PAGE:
• John Beeden says:

      I can confirm from personal experience that Tony’s expertise is invaluable throughout the whole planning and execution process of rowing an Ocean, he has looked after me across two Oceans and should I consider doing another I would only undertake it with his help.

      Ladies, Tony is correct to point out that the last 400nm are probably the toughest of the trip. You feel like you’re there but actually between navigation, current and mixed wind I found it incredibly difficult and frustrating. I also found after the improved climate in mid Coral Sea, that it was like being back in the doldrums again, hot, humid and oppressive. It’s a time to focus fully on moving the boat forward and being exposed to the potential dangers for as short a time as possible.

      Good luck with the final push, the row into Cairns past the Yarrabah community and to the marina is a glorious finish to the row and makes all the hard work worth while.

      Kind regards

      John

  2. Ray.P says:

    There are two non rowing people who have been central in keeping our girls safe mentally and physically, Uncle Tone is the physical keeper and a great job he’s done. I’m sure keeping 6 strong minded women safe and sound is not easy and being a competitive person watching the miles click slowly by must be difficult and a bit frustrating but it doesn’t show, he’s an adaptable and definitely reliable character.

  3. Simon TY says:

    Great to hear from Tone but also from JB. I am sure you can offer wise wise words as the psychology of the approach kicks in, elation, tiredness, a new strength on the oars, but also lack of concentration as all thoughts are on “nearly there”. So, JB, I am sure you have vital role in hand holding over the last few hundred miles.

    Last few hundred, girls. Every day makes a nice hole in the miles left. A 10% day might be the target every day: knock another 10% off. ( yes I know that if that is all they do, they never get there…..).

    Girls heed JBs words and keep alert. Push on, as he says, to keep this period though the Reef as short as possible. Hope the weather stays on yr side for a few more days, then you will have broken the back of it. It, the mighty wide Pacific.

    Xxx Simon TY

  4. Wow what guy Tony is, that’s a heck of an acumen, everyone should give him a hug as well for keeping everyone safe!!

    I am hoping with gritted determination that the dates for arrival can hold true.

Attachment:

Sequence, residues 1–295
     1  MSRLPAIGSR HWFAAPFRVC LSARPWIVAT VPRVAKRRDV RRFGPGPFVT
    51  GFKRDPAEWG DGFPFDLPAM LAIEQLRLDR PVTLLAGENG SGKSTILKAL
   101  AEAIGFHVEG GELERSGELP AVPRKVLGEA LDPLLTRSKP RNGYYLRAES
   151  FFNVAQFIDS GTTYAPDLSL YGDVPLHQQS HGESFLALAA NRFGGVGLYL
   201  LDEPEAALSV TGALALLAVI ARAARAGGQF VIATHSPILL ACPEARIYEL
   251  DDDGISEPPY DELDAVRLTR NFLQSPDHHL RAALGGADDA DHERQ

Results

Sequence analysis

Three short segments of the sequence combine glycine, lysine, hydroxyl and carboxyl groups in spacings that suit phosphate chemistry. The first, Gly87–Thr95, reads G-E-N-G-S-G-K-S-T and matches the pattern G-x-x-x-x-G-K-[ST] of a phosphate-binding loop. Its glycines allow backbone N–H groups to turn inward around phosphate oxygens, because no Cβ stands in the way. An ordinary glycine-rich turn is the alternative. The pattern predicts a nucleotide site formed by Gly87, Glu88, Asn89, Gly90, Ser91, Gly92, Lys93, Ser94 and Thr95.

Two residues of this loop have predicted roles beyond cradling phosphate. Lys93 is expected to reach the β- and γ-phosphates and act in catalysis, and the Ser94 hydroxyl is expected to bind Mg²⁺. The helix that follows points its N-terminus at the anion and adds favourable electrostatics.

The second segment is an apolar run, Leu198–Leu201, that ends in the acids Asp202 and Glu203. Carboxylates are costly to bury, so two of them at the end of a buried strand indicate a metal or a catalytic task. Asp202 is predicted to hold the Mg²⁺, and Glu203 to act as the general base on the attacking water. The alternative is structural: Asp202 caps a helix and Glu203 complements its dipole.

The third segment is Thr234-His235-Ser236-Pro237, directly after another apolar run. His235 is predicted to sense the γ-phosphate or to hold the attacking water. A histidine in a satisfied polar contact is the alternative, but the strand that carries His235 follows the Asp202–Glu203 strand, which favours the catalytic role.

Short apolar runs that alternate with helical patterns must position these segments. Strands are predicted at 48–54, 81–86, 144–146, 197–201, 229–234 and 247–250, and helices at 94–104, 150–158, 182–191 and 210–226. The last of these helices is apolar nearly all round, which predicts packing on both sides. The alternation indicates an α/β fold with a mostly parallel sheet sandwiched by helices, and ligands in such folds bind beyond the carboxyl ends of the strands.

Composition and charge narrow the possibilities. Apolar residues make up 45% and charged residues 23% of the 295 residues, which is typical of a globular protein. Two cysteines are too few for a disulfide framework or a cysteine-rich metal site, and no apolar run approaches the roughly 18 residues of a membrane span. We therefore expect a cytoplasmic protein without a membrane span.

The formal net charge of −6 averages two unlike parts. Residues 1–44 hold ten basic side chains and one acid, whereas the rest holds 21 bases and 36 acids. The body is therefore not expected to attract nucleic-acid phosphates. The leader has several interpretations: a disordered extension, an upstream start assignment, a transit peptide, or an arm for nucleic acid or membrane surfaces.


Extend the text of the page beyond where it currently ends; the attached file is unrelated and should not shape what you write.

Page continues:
I hope the ladies are all given honorary titles for this epic journey Dames for all, for they have turned the Pacific which has been traditionally a colour of Blue, into a new shade of Pink, long may it continue so they can achieve their charity goals.

    For Tony’s work, recognition for he too will have to be made a Baron, in honour of their colours, we think usually of associating Red with a Baron, but this will not do, we have to be unique I hope he won’t mind becoming the Pink Baron in jest but one regardless in being able to thank him for what he does, what he’s doing and what he can accomplish.

    Three cheers for Tony!!

  5. Barney says:

    Well done Tony, a modest blog from a man who should receive a standing ovation. I shall spend the day reading into the bit that goes “plus the extra weight associated with a few extra ‘comforts’”! I guess he is referring to the Oreos!! Don’t ocean rowers take Oreos?

    Well done to John B also. You have featured several times on this blog and your arrival in Cairns even got a few paragraph inches in the South China Morning Post here in Hong Kong!

    So, the last 400 nms could be the trickiest! Like the Doldrums again! Who would be a parent of one of these girls having to book flights and accommodation!! “I would like to book 3 rooms for between 10 and 30 days please”!

    Happy rowing girls.

  6. JG says:

    Great to hear the back office side from Tony. I think he has understated his involvement with the actual row for I believe that he has been on call 24/7 and has monitored and guided the Crew’s every direction change and given or found advice and directions for situations they have needed help for. Simultaneously he was doing the same for the excellent JB.
    The rationale behind the decisions that were made about route and timings were perfectly sound and both Tony and the Crew adapted to the chaos that El Nino has brought to the oceans.
    The admiration we have for this entrepid and fearless group of six hardy girls knows no bounds.
    Checking at midnight sees Doris just off Observation Cay with a mere 375 nms to go.
    Weather looks to be fixed for a few days blowing straight into Cairns but I expect the currents are random over the shallows. I think you are getting out of the Pacific at the right moment. There’s some rubbish weather boiling up where you were a few weeks ago.

    Take care keep safe.

  7. sara says:

    Great to hear from Tony and hear his perspective. My thanks cannot be expressed enough how much having Uncle Tone looking after the girls has reassured me and set my mind at rest. He is a star and very committed in his care of them throughout this adventure. He has been such a huge part of this team and allowed me to relax knowing that he is there directing and guiding Doris and her special cargo across the pacific. Patient too as the journey has been much longer than anticipsted, thank you so much Tony look forward to seeing you in Cairns hopefull around 18th xxx

  8. Such a responsibility to guide 6 head strong women across the biggest patch of blue on the globe, and yet such a humble blog. It is great to hear the stories from the support crew as there is so much behind the scenes effort and planning back home on dry land.
    Ladies if you are going to be doing talks about your adventure come to Bristol and do a talk! People love hearing about adventure stuff here 🙂 x